In this latest instalment of Martha Long's real-life account of abuse, deprivation and cruelty at the hands of her mother's partner and the establishment, Martha is now 16 and her time at the convent school is up. In Ma, It's a Cold Aul Night an I'm Lookin for a Bed, she leads us through her first months of freedom. With no home to go to, Martha leaves the convent carrying her suitcase and a burning ambition to shake off her impoverished past. Hungry to become a person who will blend in with the middle classes, Martha yearns to be accepted as someone who can be loved, respected, and one day have a home of her own where she will be safe. But this is 1960s Dublin, where poverty is rife and the Church works together with the Irish government to keep the poor and the ignorant in their place. Martha first finds work as a home help with a loving, lively family, which leads her to a job in a shop, an Italian fish and chip café, then as a skivvy in a miserable household where she is reminded of the terror Jackser brought into her life. Chance meetings with brothers and old friends from the convent lift Martha's spirits, but soon she is back on the streets searching for work and a warm bed to call her own. Martha is not often deterred when fate deals her a blow. 'Life is a bowl of cherries!' she reasons. But heartache awaits as people turn her away and predators lurk in the shadows.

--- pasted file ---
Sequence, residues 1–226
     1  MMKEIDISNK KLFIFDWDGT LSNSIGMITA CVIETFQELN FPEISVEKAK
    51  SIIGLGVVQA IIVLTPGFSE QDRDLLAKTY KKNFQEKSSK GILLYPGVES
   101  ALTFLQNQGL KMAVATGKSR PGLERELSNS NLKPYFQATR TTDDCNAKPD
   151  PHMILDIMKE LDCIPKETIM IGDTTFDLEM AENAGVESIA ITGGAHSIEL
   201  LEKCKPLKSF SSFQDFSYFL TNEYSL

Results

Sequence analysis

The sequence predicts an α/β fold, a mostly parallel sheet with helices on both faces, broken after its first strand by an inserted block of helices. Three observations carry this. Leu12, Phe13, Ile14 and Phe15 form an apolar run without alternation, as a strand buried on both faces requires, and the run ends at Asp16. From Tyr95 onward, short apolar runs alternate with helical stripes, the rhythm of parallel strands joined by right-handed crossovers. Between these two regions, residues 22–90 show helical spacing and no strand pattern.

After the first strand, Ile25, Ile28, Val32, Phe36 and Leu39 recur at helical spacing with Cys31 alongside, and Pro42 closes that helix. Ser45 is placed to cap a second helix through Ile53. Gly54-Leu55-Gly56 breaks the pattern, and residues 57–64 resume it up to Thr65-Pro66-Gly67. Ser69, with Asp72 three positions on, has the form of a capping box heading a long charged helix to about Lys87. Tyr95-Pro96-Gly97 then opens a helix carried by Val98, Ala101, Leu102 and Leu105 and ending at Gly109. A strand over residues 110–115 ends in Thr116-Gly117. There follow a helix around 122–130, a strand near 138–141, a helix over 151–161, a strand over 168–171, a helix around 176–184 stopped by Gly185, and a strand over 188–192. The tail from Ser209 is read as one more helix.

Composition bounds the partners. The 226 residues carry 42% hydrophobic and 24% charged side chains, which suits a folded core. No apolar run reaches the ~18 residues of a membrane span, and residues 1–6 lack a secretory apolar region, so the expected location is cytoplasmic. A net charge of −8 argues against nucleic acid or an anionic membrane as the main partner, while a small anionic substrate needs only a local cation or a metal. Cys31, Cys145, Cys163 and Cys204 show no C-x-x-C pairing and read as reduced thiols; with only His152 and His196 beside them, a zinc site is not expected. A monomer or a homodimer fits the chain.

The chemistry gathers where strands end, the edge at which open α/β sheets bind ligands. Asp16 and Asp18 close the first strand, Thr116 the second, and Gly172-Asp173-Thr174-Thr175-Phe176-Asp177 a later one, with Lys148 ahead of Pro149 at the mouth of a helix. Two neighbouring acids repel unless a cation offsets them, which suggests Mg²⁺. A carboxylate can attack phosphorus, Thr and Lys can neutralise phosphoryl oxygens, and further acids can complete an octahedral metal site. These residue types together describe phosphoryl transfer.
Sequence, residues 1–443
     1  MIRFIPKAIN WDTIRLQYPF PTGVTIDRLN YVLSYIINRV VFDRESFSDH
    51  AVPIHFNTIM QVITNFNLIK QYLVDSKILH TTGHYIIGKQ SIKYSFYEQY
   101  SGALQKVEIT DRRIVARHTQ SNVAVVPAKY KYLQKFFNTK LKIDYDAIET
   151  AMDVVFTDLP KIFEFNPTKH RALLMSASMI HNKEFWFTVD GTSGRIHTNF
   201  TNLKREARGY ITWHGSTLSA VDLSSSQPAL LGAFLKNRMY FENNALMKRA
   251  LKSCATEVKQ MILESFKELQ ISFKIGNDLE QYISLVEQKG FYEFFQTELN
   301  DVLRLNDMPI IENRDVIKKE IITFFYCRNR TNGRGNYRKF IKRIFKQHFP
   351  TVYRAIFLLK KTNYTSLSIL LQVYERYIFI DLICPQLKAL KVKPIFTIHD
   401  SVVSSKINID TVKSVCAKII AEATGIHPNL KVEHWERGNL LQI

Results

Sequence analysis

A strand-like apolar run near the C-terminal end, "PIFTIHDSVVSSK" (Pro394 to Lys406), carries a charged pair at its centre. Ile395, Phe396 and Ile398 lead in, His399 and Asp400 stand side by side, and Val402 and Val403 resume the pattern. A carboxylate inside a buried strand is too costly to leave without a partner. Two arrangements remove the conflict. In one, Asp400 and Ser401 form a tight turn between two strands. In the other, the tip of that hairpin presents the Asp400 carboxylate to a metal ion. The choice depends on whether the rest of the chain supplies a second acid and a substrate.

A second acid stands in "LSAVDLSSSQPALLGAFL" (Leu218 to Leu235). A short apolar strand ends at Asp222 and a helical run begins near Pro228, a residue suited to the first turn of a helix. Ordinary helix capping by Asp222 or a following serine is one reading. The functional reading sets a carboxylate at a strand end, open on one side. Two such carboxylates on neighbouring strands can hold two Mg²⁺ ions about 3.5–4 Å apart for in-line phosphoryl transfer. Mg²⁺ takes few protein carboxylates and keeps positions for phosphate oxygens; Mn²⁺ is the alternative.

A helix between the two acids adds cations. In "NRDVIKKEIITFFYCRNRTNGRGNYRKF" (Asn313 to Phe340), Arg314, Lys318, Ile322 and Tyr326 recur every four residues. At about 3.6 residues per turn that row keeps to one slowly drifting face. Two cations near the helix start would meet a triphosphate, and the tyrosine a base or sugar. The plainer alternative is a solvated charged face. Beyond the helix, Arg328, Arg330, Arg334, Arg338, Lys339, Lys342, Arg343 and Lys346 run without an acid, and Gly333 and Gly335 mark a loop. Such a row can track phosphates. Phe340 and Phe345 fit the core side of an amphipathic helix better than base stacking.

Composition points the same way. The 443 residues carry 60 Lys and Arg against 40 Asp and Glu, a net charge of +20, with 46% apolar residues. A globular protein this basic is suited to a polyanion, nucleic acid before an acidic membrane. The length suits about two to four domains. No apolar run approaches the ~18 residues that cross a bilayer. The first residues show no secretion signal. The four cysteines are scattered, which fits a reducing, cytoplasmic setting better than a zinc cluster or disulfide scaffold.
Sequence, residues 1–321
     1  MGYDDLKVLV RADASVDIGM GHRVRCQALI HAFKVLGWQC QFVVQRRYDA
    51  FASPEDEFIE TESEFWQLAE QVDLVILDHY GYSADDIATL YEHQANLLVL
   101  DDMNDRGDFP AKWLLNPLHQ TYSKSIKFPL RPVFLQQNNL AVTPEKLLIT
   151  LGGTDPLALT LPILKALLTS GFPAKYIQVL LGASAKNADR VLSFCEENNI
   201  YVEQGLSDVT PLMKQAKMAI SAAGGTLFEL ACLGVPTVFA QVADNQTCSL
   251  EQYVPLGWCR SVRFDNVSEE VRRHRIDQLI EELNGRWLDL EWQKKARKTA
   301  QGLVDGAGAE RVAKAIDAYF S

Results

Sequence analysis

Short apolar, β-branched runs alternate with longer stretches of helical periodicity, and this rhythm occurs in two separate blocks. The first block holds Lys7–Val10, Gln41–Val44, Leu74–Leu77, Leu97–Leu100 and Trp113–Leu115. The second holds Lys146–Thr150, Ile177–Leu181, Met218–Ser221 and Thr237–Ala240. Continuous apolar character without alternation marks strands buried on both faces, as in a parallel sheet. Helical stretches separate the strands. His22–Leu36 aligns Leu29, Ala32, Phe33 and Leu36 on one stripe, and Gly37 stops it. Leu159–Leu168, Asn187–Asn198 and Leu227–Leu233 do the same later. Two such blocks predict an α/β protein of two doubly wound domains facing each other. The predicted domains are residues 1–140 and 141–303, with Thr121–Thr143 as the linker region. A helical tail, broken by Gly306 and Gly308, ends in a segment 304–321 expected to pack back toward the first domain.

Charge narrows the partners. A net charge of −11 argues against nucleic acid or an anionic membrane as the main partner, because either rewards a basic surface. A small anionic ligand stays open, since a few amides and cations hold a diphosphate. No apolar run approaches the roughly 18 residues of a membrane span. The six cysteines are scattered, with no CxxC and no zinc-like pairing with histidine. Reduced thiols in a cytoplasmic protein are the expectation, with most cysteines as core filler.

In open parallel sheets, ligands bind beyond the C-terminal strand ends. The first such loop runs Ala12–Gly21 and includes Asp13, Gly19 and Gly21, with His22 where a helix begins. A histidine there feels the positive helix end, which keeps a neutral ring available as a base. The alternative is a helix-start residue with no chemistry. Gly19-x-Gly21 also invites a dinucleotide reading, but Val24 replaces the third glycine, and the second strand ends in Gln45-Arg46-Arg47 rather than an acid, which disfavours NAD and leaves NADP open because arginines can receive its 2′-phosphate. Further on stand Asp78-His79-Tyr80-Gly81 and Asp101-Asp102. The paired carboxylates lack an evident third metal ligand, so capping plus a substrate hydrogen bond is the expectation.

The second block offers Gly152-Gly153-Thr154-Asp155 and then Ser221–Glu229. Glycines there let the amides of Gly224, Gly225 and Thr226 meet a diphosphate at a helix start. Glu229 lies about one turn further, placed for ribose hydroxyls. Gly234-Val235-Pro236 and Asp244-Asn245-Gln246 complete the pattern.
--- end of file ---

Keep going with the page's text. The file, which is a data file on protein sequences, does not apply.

Lilly and Ceily Carney are only seven and twelve when their mother is cruelly taken from them, leaving them at the mercy of the Church and the authorities. This is a terrifying prospect in 1950s Dublin, where it is likely that the girls will end up in one of Ireland’s notorious Magdalen laundries – a fate they are determined to escape. When Father Flitters and the ‘Cruelty’ people arrive to take the children into care, Lilly and Ceily resist, and a riot breaks out. The girls are helped by kind Mister Mullins and his daughter Delia, but events lead to further tragedy and Lilly is left to fend for herself on the dangerous streets. Heartbroken, hungry and vulnerable, she looks like easy prey and it seems there will be no safe haven for her to find.
After a failed suicide attempt and recovery in the mad house, Martha is heading for France to be reunited with the one true love of her life. Father Ralph Fitzgerald rescued her from the streets when she was sixteen and was the first person to show Martha true love and affection. But their relationship threatened his vocation and he eventually fled to Africa to take up missionary work. Martha never got over losing him and now, after nearly twenty years, he has made contact again. She sets off on a mission to find him and uncover his motives for getting in touch. Does he still love her? Has he left the priesthood? Is he now free to marry her? She needs to know what the future is going to hold.
In 2003 I was given the opportunity to go to China to teach English. I had a contract for one year. I realized that life in China was more interesting than anything I had experienced before so I stayed. This book contains many antidotes and stories about what happened to me, around me and in China generally. This is a first-hand view of everyday life in China.